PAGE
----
It always amazes me that actors who for the most part don’t have a lot of disposable income, will plunk down hundreds of dollars at the drop of a hat. Your money is precious and you need to spend it wisely. Here are the worst examples of actor money-wasters. Are you throwing money away? Find out.
1. Mass Mailings
I’m not saying don’t do a mailing at all. Mailing your headshot and resumé to the right casting director or agent at the right time can yield benefits. I’m saying don’t send the same non-specific mailing to every CD and agent in the book. Target your mailing. Take the time to tailor each cover letter to the specific CD or agent you wish to reach. Follow the submission instructions for that company. Make sure that the CD works on the kind of projects you want to do. Proof read it. Check spelling (especially of names). Make your mailing stand out with your high level of professionalism.
2. Crappy Headshots
Obviously you need a headshot, and this is a place where you need to work with an established professional. Actors waste their money by going for the seemingly cheaper option. You get what you pay for, a poorly lit cheap-looking headshot. There are oodles and oodles of pro headshot photographers in New York. Look at their work, talk to them, find out what their photo package entails and then make an educated decision. Don’t get your cousin to blow up some snapshots from last summer. If you need headshot photographer recommendations, leave a comment below.
3. Actor Crap
What is actor crap, you say? Actor crap is anything that only actors care about. Directors, producers, casting directors, and talent agents don’t care about this stuff but actors have convinced themselves that it’s of the utmost importance. I’m talking about buying a new outfit for every audition, spending extra money to have your submission delivered by messenger, having seven different headshots, pink submission envelopes with glitter writing, new highlights, character appropriate underwear. This stuff doesn’t matter, just present yourself like a professional.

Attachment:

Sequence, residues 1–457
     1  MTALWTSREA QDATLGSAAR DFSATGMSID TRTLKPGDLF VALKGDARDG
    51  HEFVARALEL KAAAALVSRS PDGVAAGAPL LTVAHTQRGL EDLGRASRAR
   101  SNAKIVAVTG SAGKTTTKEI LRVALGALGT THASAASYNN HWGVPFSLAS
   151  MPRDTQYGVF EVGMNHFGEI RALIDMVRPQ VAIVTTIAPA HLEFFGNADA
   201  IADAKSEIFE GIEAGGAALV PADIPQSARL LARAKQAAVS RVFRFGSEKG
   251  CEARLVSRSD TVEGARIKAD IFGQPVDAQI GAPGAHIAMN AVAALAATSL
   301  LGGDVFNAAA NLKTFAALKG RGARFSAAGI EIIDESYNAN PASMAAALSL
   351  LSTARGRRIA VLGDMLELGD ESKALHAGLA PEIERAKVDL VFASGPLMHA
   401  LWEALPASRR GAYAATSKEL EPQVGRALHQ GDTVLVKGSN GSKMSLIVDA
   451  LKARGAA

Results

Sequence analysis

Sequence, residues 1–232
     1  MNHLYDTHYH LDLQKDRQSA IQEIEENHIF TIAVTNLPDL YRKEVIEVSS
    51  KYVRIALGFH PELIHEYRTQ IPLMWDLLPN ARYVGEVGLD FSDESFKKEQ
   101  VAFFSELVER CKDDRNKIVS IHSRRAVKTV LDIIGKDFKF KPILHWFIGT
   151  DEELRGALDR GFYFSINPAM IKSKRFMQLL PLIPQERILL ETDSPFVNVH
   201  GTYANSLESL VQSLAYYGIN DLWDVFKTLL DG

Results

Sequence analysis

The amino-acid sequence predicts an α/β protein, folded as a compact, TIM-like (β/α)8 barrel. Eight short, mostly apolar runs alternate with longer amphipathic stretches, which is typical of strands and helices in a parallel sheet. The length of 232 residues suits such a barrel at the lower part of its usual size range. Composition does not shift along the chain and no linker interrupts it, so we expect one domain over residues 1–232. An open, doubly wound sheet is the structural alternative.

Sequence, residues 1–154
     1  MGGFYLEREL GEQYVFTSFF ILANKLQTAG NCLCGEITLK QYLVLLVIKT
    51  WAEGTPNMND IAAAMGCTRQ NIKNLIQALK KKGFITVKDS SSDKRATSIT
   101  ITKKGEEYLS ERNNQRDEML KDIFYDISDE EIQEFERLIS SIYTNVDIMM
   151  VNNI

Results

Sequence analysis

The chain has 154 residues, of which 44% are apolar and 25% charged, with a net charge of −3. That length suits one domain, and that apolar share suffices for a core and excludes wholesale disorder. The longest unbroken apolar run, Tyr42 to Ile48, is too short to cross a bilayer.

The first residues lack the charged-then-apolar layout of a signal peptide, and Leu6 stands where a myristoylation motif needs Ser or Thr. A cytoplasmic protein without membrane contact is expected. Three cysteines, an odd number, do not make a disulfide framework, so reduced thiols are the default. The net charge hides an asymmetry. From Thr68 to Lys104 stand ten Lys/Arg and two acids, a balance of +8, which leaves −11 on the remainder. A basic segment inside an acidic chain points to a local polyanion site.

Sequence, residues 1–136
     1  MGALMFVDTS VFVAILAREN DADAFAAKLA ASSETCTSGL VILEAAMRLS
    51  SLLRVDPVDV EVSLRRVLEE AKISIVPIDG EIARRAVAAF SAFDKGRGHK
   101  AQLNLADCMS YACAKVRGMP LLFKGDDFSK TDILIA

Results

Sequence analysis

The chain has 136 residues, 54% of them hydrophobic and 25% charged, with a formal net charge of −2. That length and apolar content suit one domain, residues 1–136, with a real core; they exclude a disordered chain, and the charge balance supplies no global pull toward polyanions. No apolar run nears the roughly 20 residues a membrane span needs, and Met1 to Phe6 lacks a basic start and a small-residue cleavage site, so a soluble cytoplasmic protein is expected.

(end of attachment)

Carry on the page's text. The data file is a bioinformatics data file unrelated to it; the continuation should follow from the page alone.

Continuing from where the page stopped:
I know this is a controversial one. I teach audition workshops as do many other casting directors, but you have to choose wisely. Go for the workshops that will provide the two most important things an actor can gain from a casting professional: knowledge and access. Don’t waste your money meeting people who don’t even work on the kinds of projects you are pursuing. Choose workshops that have both a performance element and an educational element, that way the casting director gets to see your work and you can learn something valuable.
Unfortunately, there are people out there who just want to fleece actors out of their money. Sometimes these are non-legit “agents” or “managers” who make actors pay for expensive photo packages and lessons. Some so-called acting coaches are doling out deleterious advice to actors out there. Do your research. Get feedback from previous clients before signing up for anything.
Save your pennies by using your noggin!